US to operate 'wherever' international law allows in S. China Sea: Admiral
BEIJING – Agence France-Presse
U.S. Navy Admiral Harry B. Harris, Jr., Commander U.S. Pacific Command (2nd L) and U.S. Ambassador to China Max Baucus (L) arrive for a meeting with China's PLA Chief of Staff General Fang Fenghui and PLA Deputy Chief of General Staff Admiral Sun Jianguo (both not pictured), at the Bayi Building in Beijing, China, November 3, 2015. REUTERS/Andy Wong/PoolThe US military will continue to operate "wherever" international law allows, including in the South China Sea, a top US admiral said in Beijing on Nov 3, a week after America infuriated China by sailing close to artificial islands it is building in the contested waters.
"International seas and airspace belong to everyone and are not the dominion of any single nation," Admiral Harry Harris said, according to prepared remarks for a speech at the Stanford Center at Peking University.
"Our military will continue to fly, sail, and operate whenever and wherever international law allows. The South China Sea is not -- and will not -- be an exception," he added.
Harris is the commander of the US Pacific Command and his public declaration in the Chinese capital is a mark of US resolve over the strategically vital waterway, where Beijing has built up rocks and reefs into artificial islands with facilities for military use.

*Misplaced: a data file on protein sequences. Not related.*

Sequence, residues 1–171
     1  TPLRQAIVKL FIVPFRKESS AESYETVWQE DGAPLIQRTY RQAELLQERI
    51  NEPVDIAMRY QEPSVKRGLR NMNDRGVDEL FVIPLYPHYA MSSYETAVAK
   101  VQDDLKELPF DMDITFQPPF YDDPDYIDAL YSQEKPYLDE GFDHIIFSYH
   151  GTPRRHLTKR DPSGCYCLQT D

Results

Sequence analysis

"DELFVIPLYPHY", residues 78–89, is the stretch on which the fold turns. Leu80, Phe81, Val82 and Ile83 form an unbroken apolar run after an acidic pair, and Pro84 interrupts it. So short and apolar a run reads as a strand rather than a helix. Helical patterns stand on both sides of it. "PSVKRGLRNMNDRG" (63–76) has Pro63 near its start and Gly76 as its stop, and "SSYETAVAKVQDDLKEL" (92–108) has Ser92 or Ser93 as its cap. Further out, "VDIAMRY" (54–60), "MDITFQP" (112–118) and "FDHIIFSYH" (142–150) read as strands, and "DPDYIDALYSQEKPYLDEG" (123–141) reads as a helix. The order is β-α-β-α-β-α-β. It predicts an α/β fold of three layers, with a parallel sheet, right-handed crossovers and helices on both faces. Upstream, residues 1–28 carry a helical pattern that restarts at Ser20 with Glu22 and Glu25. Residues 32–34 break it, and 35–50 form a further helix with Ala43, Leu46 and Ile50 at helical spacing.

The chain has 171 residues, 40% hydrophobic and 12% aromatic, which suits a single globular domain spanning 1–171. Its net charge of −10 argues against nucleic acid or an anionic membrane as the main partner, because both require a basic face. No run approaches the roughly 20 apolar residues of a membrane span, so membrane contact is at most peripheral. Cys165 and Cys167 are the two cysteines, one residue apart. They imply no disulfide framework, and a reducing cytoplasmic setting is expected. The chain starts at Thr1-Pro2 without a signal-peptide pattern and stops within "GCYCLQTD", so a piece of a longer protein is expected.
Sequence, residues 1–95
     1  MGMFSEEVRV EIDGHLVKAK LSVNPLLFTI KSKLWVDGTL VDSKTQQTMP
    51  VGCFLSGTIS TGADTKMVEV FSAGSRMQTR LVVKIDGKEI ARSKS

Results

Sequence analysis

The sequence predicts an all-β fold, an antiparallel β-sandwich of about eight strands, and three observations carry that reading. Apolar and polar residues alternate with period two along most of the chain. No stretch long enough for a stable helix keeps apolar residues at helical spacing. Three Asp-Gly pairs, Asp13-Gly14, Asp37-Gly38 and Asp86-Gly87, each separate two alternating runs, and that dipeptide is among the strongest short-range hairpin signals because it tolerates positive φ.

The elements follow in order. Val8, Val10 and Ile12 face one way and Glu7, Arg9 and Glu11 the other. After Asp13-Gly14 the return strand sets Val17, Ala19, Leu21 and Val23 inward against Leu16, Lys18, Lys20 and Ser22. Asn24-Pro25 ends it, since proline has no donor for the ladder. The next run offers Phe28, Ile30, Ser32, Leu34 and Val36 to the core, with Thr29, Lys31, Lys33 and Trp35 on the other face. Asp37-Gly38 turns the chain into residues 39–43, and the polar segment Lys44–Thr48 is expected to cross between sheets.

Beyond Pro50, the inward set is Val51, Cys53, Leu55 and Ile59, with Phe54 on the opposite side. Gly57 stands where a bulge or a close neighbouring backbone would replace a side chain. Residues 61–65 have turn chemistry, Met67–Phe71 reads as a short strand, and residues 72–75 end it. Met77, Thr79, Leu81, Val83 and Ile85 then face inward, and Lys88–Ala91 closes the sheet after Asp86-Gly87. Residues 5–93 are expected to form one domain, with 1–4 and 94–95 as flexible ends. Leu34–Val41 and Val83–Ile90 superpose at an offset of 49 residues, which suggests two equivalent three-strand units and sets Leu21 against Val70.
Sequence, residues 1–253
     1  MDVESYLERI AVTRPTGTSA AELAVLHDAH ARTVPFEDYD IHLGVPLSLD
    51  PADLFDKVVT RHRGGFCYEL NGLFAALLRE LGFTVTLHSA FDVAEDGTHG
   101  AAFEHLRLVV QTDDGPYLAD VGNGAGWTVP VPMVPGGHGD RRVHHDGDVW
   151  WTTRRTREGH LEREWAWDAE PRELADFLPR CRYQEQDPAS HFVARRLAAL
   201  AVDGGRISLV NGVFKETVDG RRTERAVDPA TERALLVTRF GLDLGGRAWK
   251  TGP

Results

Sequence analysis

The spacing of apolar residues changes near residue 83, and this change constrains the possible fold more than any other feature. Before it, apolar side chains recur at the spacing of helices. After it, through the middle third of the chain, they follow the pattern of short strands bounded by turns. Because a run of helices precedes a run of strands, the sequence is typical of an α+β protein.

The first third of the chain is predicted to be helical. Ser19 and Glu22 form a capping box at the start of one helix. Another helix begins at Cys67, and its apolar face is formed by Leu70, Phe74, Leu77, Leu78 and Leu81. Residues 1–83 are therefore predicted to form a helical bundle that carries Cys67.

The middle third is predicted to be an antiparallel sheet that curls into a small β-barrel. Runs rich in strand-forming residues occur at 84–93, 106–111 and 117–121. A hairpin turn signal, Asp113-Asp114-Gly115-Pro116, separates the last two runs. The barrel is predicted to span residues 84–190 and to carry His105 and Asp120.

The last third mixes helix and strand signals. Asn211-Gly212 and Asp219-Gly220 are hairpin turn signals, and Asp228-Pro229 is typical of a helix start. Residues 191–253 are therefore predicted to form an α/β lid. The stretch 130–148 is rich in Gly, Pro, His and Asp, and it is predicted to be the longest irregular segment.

Beijing claims sovereignty over almost the whole of the sea on the basis of a segmented line that first appeared on Chinese maps in the 1940s.
Harris described the claim as "ambiguous" and based on "the so-called 9-dash line".
Washington has repeatedly said it does not recognise Chinese claims to territorial waters around the artificial islands.
The USS Lassen guided missile destroyer sailed within 12 nautical miles of at least one of the land formations in the disputed Spratly Islands last week.
Harris tempered his comments with conciliatory remarks, praising US-China ties and pointing out that Chinese and American ships were visiting ports in each other's countries.
"Some pundits predict a coming clash between our nations. I do not ascribe to this pessimistic view," Harris said, according to a copy of his speech.
"While we certainly disagree on some topics -- the most public being China's claims in the South China Sea and our activities there -- there are many areas where we have common ground."